The people of nearby Haven, changing as Bobbi is changing, all seem to be inventing things too -- the village postmistress devises a machine that sorts letters, even misaddressed ones; the postman's wife rewires the television to electrocute her husband (who's been having an affair with the postmistress); and a 10-year-old boy intent on learning how to perform magic tricks makes his little brother disappear. Permanently.

Under the influence of the ship and whatever it carries, Bobbi and the people of Haven are all becoming Tommyknockers, as Gard decides to call them. He himself is not completely immune to the ship, though a metal plate implanted in his head after a skiing accident spares him most of the effects. And though Gard is horrified at what is happening to Bobbi -- she's losing her teeth and undergoing other physical changes best not discussed in a family newspaper -- he agrees to help her dig up the ship.

JUST WHY Gard decides to stick around and help isn't quite clear -- it has something to do with his love for Bobbi and with his half-formed conviction that there might be something in the ship that could be used for the good of humanity -- and that points to some of the problems with The Tommyknockers.

Gard's motivations, and those of many of the other characters, are unclear. Moreover, the novel seems without a center. Bobbi is on stage for the first 50 pages, then Gard for twice that, then the people of Haven in a series of momentum-derailing portraits. It's as if King couldn't decide whose story it was, and the result is a series of disjointed vignettes involving cardboard characters. These episodes are occasionally entertaining, but more often filled with flatulence, feces and menses (as well as more traditional blood and gore) and pointlessly horrific.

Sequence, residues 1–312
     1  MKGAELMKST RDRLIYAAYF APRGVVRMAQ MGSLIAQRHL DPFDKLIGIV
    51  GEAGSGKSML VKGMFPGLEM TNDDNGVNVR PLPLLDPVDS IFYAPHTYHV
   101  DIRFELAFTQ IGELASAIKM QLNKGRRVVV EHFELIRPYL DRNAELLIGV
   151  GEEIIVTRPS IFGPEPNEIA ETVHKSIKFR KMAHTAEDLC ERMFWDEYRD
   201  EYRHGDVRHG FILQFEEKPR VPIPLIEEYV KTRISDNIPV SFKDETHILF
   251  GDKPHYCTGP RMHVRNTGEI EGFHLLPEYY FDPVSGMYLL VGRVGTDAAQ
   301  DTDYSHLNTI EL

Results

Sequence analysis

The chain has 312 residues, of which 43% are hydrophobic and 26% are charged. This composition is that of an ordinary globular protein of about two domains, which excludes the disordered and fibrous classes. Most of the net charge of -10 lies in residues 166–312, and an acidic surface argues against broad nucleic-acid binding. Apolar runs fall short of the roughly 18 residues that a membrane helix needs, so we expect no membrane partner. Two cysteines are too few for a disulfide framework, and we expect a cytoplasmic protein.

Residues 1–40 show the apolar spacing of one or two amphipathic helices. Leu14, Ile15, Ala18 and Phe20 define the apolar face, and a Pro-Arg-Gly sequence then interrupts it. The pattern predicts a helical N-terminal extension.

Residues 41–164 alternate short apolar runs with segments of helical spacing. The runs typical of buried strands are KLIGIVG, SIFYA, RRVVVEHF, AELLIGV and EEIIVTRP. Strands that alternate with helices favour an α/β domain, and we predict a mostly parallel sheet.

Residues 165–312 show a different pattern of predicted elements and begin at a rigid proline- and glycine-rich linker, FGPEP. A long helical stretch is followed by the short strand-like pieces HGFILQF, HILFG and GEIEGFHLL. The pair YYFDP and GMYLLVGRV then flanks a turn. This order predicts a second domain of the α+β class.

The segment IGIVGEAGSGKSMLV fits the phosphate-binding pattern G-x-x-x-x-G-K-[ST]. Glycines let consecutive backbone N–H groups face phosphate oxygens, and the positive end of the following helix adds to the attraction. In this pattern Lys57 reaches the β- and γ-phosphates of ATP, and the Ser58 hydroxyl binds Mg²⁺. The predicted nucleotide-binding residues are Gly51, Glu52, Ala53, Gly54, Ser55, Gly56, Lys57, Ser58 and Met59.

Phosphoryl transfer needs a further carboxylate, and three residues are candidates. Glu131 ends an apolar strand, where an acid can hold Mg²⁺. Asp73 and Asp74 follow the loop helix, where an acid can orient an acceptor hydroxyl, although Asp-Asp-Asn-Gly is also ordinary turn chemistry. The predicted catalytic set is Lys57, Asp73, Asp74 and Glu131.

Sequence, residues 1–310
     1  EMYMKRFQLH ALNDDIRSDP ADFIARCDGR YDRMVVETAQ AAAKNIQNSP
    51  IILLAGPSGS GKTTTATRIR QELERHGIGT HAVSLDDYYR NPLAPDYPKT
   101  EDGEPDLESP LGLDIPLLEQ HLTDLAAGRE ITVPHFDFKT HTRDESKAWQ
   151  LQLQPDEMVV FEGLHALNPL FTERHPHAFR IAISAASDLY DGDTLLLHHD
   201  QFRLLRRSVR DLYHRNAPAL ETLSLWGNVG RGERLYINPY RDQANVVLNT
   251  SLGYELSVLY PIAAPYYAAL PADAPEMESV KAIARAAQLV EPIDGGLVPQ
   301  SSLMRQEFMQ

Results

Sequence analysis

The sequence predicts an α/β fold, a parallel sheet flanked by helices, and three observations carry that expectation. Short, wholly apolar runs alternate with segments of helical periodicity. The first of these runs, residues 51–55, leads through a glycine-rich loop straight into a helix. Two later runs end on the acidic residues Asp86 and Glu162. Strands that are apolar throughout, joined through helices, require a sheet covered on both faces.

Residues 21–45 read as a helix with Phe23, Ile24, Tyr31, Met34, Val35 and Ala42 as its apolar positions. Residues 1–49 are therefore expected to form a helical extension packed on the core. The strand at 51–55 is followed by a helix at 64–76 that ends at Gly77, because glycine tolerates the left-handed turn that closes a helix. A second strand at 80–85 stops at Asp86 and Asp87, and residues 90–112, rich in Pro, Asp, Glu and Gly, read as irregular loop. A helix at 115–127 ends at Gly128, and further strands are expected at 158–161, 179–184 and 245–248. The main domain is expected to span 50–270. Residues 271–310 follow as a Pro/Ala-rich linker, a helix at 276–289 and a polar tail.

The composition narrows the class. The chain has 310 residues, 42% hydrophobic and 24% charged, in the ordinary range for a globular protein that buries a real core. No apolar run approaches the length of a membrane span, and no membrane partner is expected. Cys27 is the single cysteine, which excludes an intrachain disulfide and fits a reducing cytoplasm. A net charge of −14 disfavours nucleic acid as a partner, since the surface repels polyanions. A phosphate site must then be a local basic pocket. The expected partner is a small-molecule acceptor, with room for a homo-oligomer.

Perhaps more than other kinds of fiction, fantasy, horror and science fiction demand the reader's willing suspension of belief. Not only are the things that happen improbable, they are, after all, things we would not admit wanting to happen. The onus is on the writer, then, not merely to create an irresistible inevitability in his plot, but to furnish a plausible world and plausible characters with whom the reader can identify, no matter how implausible the things that happen to them there.